Toledo playwright’s comedy explores divisive culture

. November 8, 2017.
Photo Credit: Heather Meyer.
Photo Credit: Heather Meyer.

The two couples could not be more dissimilar. One is conservative, the other liberal. They come from completely different social classes. One couple loves the University of Michigan, while the other two are die-hard OSU supporters.

A quirk of science throws these two pairs together and forces them to deal with one another in Human Error, Toledo area playwright Eric Pfeffinger’s new comedy, making its area debut at the Toledo Repertoire Theatre on Friday, November 17 for a one-weekend run.

“It’s about two couples who couldn’t have less in common, politically or culturally, who find themselves thrown together when a mix-up at the fertility clinic accidentally implants one couple’s embryo in the other couple’s uterus,” Pfeffinger said. “And they find themselves trying to find a way to live with each other for nine months, maintaining a relationship during that time, until the baby is born.”

A serious comedy

“I would describe it as a kind of serious comedy, in the sense that it’s not really farce,” said director F. Scott Regan. “It’s basically a comedy, but it has serious elements, thoughtful aspects and reflections on society, as well.”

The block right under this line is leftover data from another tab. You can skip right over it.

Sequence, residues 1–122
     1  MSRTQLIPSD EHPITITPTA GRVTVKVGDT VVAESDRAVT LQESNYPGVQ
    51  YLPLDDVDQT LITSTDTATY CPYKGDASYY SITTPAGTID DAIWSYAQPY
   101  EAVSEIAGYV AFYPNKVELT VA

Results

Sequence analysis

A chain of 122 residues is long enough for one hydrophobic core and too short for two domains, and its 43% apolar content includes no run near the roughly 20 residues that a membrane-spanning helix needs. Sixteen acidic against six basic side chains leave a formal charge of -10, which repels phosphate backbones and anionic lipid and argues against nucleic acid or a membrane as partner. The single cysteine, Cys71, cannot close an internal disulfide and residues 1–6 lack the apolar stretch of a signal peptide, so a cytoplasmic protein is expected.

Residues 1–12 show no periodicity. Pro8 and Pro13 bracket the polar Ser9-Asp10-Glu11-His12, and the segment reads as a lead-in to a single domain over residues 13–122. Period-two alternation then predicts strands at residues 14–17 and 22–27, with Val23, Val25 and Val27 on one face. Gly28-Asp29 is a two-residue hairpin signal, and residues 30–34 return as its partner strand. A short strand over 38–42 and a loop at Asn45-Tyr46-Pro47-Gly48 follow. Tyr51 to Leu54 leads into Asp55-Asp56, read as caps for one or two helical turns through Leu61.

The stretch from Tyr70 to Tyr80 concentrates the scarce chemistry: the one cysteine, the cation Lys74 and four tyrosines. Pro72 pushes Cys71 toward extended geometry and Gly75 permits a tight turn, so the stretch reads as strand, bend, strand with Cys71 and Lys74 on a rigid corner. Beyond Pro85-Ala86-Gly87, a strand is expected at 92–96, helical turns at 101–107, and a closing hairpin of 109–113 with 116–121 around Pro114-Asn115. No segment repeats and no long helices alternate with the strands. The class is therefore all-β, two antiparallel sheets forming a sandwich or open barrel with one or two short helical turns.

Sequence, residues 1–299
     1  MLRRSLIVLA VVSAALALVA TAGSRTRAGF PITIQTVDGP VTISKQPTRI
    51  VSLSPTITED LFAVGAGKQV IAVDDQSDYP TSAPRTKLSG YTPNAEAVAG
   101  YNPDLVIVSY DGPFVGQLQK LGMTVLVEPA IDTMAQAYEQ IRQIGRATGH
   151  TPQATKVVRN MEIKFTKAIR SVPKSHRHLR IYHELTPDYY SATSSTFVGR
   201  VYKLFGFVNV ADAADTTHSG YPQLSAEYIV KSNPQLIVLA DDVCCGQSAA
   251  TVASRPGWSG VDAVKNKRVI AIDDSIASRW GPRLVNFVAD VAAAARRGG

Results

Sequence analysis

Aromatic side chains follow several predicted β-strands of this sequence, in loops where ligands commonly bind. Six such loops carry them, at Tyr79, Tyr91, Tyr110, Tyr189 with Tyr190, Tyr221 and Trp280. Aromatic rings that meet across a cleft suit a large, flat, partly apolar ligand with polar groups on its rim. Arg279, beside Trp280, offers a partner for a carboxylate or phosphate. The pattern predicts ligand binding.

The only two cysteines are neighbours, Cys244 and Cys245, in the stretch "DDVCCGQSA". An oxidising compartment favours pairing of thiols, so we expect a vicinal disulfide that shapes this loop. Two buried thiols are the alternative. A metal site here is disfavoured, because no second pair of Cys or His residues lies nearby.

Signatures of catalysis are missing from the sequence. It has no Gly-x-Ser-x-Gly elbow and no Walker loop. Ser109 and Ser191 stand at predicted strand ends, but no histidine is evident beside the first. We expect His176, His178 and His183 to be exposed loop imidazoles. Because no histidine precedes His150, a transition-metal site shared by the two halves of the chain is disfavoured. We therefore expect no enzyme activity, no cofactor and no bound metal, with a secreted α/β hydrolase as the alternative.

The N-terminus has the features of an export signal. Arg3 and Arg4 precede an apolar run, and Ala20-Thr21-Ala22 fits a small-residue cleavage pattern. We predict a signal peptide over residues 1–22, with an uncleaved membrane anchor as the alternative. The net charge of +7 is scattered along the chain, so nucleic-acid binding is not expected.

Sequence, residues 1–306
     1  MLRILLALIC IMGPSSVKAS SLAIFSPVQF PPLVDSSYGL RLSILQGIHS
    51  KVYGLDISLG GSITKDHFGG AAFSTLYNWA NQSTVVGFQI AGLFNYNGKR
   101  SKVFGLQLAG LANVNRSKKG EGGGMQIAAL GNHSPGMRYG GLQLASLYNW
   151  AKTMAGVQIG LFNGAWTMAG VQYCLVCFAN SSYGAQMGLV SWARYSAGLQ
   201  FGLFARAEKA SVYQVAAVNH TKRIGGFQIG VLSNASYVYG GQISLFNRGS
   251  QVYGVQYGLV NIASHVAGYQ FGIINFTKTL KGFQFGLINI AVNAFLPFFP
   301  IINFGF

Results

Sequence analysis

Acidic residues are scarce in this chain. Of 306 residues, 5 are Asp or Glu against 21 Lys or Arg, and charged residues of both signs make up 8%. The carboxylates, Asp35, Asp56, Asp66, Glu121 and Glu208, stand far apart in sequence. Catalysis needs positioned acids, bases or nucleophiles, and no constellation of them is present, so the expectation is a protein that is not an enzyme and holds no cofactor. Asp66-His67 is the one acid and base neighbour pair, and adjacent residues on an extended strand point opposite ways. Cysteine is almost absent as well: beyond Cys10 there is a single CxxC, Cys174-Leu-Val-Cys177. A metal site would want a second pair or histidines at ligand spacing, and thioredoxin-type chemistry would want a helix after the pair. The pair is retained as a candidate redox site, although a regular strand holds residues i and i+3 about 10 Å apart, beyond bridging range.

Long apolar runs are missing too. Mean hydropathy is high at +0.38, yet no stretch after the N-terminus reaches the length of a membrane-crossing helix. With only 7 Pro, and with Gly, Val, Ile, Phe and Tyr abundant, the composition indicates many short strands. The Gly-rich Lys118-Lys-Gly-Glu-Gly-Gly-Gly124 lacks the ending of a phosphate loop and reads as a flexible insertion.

Mining comedy and insight from unlikely situations has been a trademark of Pfeffinger’s work. He’s tinkered with the idea of a show based on a fertility mishap for a while, but as the script took shape over the past few years (through various workshops and readings around the country) he found it became less about the actual events of the story and more an observation about the increasingly divided state of our society, as people retreat into their own “ideological echo chambers.”

“I did begin working on it several years ago, and I remember thinking at the time, ‘Gosh, this feels really relevant right now, ripped from current headlines almost. Gosh, I hope that I can find an opportunity to get it produced before this situation goes away.’ I was concerned that we were all going to stop being intolerant of one another, and start being tolerant of other political viewpoints. And fortunately, that situation has not seemed to have improved at all,” Pfeffinger said wryly.

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Open-minded

The play is set in the Toledo area, which is unusual for Pfeffinger, despite the fact that he’s lived here for over a decade. “It felt completely right because I do encounter people across the ideological spectrum— in my work, at my kids’ school, in my neighborhood.”

Human Error can be seen as a work in progress— Regan noted how the playwright has been very hands-on, attending rehearsals and tinkering with the script as the show takes shape. It will probably continue to evolve as a full Equity production is slated for Denver next year. Regan notes that he hopes attendees come away with a smile and being more open-minded toward their fellow Toledoans.

“Like all comedy, it kind of shows us our own foibles, by watching people up on stage, and saying ‘I’m not like that, or maybe I am like that,’” Regan explains. “So it’s kind of a collaboration with the audience as well, they’re going to be able to come away with a new openness.”

$20. November 17-19. 8pm, Friday and Saturday. 2:30pm, Sunday.

The Toledo Repertoire Theatre
16 10th St. | 419-243-9277 | toledorep.org